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Gout

Last Updated on May 19, 2021 by MyFormulary

Related Terms

  • Animal proteins, arthritis, corticosteroids, gouty arthritis, hyperuricemia, kidney disease, kidney failure, kidney stones, nonsteroidal anti-inflammatory drugs, NSAIDs, podagra, pseudogout, purines, tophi, urate crystals, uric acid.

Background

  • Gout is an intensely painful form of arthritis that causes the joints to become red, swollen, and stiff. Symptoms are most likely to develop in the big toe. Other commonly affected joints include the ankles, heels, knees, wrists, fingers, and elbows. Individuals typically experience acute attacks of gout. In other words, symptoms develop suddenly and go away after a couple weeks.
  • This type of arthritis occurs when there is too much uric acid in the blood. Uric acid is a waste product that forms when the body breaks down purines, which are chemicals commonly found in red meat, poultry, and fish. In healthy people, uric acid is continuously broken down in order to maintain normal levels in the blood. A person’s gender, genetic makeup, hormonal changes, diet, and some medications may cause may cause the body to produce too much uric acid or prevent it from being properly broken down.
  • The first gout attack typically goes away after one to two weeks without treatment or one to two days with treatment. If the person does not receive treatment, a second attack may occur anywhere from six month to two years later. If individuals still do not receive treatment, they may continue to have attacks that will probably last longer, affect more joints, and be more painful.
  • Symptoms of gout can be treated, and medications and lifestyle changes can help prevent gout attacks from recurring.
  • Pseudogout is a medical condition that causes symptoms very similar to gout. However, pseudogout occurs when there is too much calcium phosphate in the blood, not uric acid. Although the risk of experiencing pseudogout appears to increase with age, most cases have no known cause. Other factors, including genetics, excess iron storage, low magnesium levels in the blood, and an overactive parathyroid gland, may contribute to the development of pseudogout.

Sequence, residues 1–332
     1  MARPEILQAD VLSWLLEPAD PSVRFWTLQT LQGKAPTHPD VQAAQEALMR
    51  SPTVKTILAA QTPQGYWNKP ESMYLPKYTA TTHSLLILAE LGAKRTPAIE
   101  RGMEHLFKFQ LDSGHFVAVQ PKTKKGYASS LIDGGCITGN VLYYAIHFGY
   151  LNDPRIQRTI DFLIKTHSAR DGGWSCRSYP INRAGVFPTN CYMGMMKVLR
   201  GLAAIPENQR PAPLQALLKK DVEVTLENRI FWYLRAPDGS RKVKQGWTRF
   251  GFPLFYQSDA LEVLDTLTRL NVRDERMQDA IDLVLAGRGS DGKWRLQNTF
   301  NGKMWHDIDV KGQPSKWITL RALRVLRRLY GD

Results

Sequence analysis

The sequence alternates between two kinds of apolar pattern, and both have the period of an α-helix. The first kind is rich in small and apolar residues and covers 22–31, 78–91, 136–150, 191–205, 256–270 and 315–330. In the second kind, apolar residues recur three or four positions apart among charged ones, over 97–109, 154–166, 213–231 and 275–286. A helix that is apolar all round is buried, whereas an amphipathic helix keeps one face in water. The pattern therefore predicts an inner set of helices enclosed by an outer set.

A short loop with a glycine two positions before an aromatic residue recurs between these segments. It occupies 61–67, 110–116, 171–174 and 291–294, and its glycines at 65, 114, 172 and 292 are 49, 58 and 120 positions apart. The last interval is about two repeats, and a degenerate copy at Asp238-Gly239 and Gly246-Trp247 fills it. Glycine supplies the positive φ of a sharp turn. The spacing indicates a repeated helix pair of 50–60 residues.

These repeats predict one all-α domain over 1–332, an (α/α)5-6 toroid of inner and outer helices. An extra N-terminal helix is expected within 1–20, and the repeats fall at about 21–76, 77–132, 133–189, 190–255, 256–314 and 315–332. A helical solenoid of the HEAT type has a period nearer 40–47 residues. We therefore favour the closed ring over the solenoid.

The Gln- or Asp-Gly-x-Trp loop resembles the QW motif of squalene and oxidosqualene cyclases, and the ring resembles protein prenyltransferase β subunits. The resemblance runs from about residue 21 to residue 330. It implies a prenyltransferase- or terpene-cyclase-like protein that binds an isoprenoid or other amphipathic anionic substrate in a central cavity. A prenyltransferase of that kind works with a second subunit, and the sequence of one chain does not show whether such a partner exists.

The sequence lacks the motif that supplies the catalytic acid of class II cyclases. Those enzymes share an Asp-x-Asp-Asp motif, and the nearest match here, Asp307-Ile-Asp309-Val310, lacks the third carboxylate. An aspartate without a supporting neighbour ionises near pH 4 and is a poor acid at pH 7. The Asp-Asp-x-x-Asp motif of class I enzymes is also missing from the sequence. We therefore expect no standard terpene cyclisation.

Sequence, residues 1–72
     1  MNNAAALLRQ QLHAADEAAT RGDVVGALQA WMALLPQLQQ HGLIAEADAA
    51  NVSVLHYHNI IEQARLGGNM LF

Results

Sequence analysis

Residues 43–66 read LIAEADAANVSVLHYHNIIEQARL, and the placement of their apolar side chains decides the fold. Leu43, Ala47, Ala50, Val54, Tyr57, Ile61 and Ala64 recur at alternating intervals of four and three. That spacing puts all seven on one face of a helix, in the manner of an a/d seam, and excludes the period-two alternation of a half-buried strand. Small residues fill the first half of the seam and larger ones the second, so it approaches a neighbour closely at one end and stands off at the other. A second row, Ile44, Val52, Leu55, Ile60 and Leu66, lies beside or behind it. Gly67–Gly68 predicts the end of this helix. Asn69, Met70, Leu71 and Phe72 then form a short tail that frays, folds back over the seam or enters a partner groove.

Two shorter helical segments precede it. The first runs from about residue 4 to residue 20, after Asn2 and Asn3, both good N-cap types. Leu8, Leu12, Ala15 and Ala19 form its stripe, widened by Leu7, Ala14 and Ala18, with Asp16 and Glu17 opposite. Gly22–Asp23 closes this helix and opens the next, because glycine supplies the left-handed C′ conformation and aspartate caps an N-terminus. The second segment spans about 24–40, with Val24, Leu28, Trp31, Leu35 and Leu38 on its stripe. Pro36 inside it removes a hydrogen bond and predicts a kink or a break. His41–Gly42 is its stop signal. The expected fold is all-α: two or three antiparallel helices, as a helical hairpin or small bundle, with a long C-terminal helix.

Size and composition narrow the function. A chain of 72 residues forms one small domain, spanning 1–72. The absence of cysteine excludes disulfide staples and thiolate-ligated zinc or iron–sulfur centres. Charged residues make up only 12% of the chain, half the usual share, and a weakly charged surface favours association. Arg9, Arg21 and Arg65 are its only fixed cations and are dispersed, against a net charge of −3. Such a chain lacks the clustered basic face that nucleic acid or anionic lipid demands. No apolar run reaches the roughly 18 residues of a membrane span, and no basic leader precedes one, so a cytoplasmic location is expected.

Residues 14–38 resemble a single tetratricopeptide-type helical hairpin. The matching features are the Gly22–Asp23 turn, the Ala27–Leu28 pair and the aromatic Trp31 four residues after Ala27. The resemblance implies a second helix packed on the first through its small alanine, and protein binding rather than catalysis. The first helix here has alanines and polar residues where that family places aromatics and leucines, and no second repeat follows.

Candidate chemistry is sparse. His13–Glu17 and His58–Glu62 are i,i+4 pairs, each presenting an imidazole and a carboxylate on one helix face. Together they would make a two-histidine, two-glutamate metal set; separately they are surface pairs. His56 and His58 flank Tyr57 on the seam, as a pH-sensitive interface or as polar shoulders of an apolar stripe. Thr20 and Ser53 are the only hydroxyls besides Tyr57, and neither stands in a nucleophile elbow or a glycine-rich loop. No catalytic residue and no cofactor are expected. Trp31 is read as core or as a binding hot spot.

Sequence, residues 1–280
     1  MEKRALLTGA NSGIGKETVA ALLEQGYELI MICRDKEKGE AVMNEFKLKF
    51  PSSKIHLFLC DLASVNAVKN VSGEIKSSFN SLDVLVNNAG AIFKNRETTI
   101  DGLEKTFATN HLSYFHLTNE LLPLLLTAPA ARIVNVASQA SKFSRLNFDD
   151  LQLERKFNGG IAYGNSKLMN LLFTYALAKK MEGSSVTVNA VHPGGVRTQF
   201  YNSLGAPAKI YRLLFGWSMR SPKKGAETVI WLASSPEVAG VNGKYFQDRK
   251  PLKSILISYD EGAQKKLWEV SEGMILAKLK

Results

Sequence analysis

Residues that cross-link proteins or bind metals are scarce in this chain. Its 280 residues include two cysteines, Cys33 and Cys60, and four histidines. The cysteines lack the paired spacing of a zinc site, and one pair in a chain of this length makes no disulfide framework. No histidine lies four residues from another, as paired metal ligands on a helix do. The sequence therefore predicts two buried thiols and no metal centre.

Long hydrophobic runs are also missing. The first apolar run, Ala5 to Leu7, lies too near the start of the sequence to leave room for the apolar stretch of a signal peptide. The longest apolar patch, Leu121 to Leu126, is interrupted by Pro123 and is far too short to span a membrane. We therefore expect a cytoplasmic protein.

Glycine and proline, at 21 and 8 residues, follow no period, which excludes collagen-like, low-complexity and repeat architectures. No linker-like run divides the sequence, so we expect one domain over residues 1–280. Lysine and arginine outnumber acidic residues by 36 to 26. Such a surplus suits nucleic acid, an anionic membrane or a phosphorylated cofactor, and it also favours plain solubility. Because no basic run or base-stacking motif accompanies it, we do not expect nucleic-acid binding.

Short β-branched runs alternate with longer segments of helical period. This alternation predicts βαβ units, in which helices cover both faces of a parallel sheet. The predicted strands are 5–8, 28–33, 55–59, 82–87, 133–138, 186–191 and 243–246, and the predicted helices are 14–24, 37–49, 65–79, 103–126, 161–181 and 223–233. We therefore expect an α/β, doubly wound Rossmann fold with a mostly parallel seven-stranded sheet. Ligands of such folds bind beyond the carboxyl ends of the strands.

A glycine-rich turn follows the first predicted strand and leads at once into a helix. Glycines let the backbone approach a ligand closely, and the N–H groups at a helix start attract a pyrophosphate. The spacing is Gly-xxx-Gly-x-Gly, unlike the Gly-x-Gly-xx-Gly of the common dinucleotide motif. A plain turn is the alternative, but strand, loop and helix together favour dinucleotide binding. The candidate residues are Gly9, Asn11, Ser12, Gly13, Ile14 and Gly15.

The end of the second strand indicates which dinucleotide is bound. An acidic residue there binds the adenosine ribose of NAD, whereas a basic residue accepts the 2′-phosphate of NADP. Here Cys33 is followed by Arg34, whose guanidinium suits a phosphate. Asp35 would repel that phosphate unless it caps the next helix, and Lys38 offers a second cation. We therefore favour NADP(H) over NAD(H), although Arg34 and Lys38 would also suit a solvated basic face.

Causes

  • Gout occurs when there is too much uric acid in the body. Having high levels of uric acid in the blood is also called hyperuricemia. A combination of factors, including alcohol consumption, gender, genetics, hormonal changes, eating a purine-rich diet, and certain medications, may cause the body to produce too much or excrete too little uric acid.
  • The excessive uric acid forms sharp crystals (called urate) inside the joints. Urate causes the joints to become swollen, painful, and red.
  • Uric acid is a waste product that forms when the body breaks down purines, which are substances naturally found in the body and in certain foods (especially anchovies, mushrooms, asparagus, and organ meats, such as liver and kidneys). In healthy individuals, uric acid dissolves in the bloodstream, is filtered through the kidneys, and is excreted in the urine.

Risk Factors

  • Alcohol:
    Consumption of alcohol, especially beer, increases the risk for gout.
  • Gender: Gender may also play a role because men are more likely to develop the condition than women.
  • Genetics: Children of parents with gout have a 20% chance of developing the condition. This suggests that genetics may be involved.
  • Hormonal changes: Uric acid levels increase at puberty in men and at menopause in women. This means men are more likely to develop gout when they are 30-50 years old, while women are more likely to develop the condition when they are 50-70 years old. Gout is extremely uncommon in pre-menopausal women.
  • Purine-rich diet: There are many factors that may cause excessive uric acid to build up in the body. Eating a purine-rich diet that includes large amounts of red meat, organ meat, and oily fish (such as salmon, sardines, and herring), may lead to the development of gout. This is because uric acid forms when purines are broken down in the body.
  • Some medications: Some medications, including certain diuretics, niacin (a B-complex vitamin), aspirin (taken in low doses), cyclosporine (e.g. Neoral® or Sandimmune®), and some anti-cancer drugs, may cause gout.

Signs and Symptoms

  • Symptoms of gout almost always occur suddenly, especially at night. Gout causes the joints to become red, swollen, and stiff. The big toe is most commonly affected because gout symptoms typically develop in areas of the body that experience the most trauma. When the toe is affected, the symptom is often called podagra. Other commonly affected joints include the ankles, heels, knees, wrists, hands, fingers, and elbows. The pain may be so severe that a bed sheet touching the affected skin is unbearable. Symptoms generally subside after one to two weeks. Once symptoms are gone, the affected joints are not painful. However, if the patient does not receive treatment, attacks will come back (with increased frequency), and they will usually last longer and affect more joints.